Chocolate is a confection made of the seeds of the cacoa tree. It is native to Mesoamerica and has been an important food product there for 4000 years.
The seeds of the cacao are intensely bitter and are fermented to develop the flavor. The beans are then dried, cleaned and roasted. The Maya and Aztec preparation was an unsweetened chocolate drink called “bitter water.”
After roasting the shell is removed to produce cacao nibs. Cacao nibs can also be made before roasting to provide the raw nibs and cacao powder used in raw desserts. The cacao nibs are heated and ground into cocoa mass – sort of like making peanut butter: the grinding releases the fat and creates a thick, creamy substance. The finer the ground, the more smooth the final chocolate will be. This mass is also called chocolate liquor, although it has no liquor content. As it cools the cocoa mass/liquor hardens into unsweetened chocolate. It can also be separated into cocoa butter and cocoa solids.
Most chocolate today is a combination of cocoa solids, cocoa butter or other fats, and sweeteners (usually sugar), along with whatever other flavorings might be desired. Our raw truffles are a very simple example of this – at their most basic they consist of cacao powder (cocoa solids), cacao butter (fat), agave or maple syrup (sweetener) and other flavorings such as vanilla. We also add cashews which create a lighter, creamier truffle filling.
Dark chocolate contains the highest amount of cocoa butter and solids, while milk chocolate contains milk powder or condensed milk along with the cocoa butter and solids. White chocolate has cocoa butter, but no cocoa solids.
Now, you may be wondering about the difference between cocoa and cacao. In the past the words could be used interchangeably, and were the result of variants in spelling. However, with the rise of interest in raw chocolate products, cacao, which is also the name for the tree, has begun to be used to designate chocolate products that are prepared without various heating and roasting processes.
Here at Chaco we are careful to keep this distinction: when we say cacao powder we are referring to a raw powder which has a grayer color and a more bitter flavor. When we say cocoa we are referring to a roasted powder that has a reddish color and milder flavor. To add farther complication, we purchase Dutch cocoa (or Dutched cocoa) which has undergone an alkaline treatment invented by Coenraad Van Houten, a Dutch chemist. This process reduces the harshness of the cocoa, makes it more shelf stable and helps create consistent quality for baking and other preparations. It is possible to have cocoa powder that is not Dutched – it appears much more like our raw cacao powder. However, raw cacao cannot be Dutched as the process requires heating it.
Despite its long history, solid confections made of chocolate are a relatively new invention. For most of its history it was used to make a drink, but once it was brought back to Europe, and especially after the invention of the Dutching process in the early 1800, they began to experiment with changing the proportions of cocoa solids to cocoa butter and began to create solid chocolate confections.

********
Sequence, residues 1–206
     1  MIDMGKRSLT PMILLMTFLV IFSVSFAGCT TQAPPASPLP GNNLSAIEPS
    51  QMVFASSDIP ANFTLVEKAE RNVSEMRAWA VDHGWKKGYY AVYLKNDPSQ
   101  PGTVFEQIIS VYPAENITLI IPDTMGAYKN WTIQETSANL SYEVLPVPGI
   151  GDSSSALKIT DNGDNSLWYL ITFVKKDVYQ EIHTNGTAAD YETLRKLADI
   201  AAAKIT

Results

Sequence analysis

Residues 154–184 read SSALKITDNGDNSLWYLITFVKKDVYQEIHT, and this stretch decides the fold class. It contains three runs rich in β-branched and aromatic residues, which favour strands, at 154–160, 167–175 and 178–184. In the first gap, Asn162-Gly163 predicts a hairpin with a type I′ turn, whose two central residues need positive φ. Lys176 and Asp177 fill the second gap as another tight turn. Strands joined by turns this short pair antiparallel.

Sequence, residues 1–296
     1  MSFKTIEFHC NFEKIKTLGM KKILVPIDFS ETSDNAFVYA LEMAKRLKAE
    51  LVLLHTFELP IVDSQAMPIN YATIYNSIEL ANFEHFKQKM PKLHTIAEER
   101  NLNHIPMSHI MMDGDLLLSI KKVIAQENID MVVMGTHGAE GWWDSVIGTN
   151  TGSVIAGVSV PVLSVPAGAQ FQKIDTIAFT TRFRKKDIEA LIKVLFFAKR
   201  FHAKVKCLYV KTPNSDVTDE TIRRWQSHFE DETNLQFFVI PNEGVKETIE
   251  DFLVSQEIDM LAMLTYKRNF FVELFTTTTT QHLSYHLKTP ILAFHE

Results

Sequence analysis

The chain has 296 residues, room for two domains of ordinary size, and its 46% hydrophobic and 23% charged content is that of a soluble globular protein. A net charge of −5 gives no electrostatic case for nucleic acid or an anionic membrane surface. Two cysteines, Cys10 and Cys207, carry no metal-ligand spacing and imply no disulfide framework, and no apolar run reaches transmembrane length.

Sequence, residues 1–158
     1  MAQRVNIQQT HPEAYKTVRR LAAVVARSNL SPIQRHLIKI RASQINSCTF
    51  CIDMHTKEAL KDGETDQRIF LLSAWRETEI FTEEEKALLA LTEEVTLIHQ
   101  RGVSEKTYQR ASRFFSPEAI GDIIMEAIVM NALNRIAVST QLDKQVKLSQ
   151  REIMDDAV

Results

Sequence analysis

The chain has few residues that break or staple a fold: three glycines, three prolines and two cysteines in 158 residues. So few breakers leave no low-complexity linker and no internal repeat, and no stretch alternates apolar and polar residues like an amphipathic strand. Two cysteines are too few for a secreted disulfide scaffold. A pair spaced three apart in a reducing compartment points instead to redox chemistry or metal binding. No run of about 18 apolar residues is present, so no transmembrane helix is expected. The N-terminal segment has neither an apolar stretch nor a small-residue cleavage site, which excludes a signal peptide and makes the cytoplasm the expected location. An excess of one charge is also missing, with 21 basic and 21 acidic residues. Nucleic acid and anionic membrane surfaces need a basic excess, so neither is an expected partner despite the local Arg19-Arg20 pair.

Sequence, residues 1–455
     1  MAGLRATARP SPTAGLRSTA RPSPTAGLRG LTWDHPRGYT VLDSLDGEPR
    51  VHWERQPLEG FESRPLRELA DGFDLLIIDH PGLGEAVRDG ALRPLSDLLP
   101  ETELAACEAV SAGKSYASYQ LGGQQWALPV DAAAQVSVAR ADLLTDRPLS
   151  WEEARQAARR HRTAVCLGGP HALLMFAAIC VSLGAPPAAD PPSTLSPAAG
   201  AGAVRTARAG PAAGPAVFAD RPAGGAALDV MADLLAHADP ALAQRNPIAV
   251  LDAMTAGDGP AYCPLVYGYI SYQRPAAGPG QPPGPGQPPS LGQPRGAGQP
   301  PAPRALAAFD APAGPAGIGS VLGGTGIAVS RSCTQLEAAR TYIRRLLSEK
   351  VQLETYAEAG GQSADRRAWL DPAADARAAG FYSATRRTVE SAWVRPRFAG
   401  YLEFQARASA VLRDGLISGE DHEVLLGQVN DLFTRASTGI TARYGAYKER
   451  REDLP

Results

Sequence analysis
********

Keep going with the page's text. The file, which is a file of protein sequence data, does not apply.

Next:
There are controversies surrounding chocolate. Much of it is produced in the Ivory Coast in Africa and child labor is a huge issue, as is fair wages for growers and producers. The growing movement for Fair Trade chocolate is very important to combat exploitation, however, Fair Trade chocolate is only a tiny percent of the chocolate trade. In addition, there are not regulated standards for what Fair Trade means, so different companies may have different definitions that they follow. The truth is that to be an ethical consumer of chocolate, it may be necessary to research where a company sources their chocolate and not to simply trust a Fair Trade Label.
What about our chocolate? Two examples: our chocolate chips come from Agostini, an Italian family owned chocolate company that is on the Food Empowerment Project’s approved list. Our raw cacao powder is from the Ojio brand and is sourced in the Dominican Republic (South American chocolate is considered overall better because it has less slavery and child labor issues then Africa). We choose ethical wholesale companies such as Glory Bee and Earthly Gourmet, to purchase our bulk products from.
Chocolate has many chemicals and compounds in it that are interesting from a health perspective. However, it should be kept in mind that these are present in the cocoa mass, and that as that whole food product is altered with sugar and other fats, the health benefits are diluted even as the calorie intake is increased. The darker and more bitter the chocolate, the more of the health benefits you are getting. Anyone who claims milk chocolate has healthy qualities – well, let’s just say that’s very wishful thinking.
Some of the potential benefits of dark chocolate are positive effects to the circulatory and cardiovascular system, reduction in blood pressure, lower cholesterol, and a boost to cognitive abilities. It’s also high in minerals and antioxidants.
Chocolate has been considered an aphrodisiac for centuries, and became associated with Valentine’s day in Victorian England. Cadbury’s Chocolate Company started selling their new chocolate candy in heart shaped boxes in 1861. Our selection of chocolate treats this February including truffles, cupcakes, peanut butter pie and a smoothie, should satisfy any chocolate lover.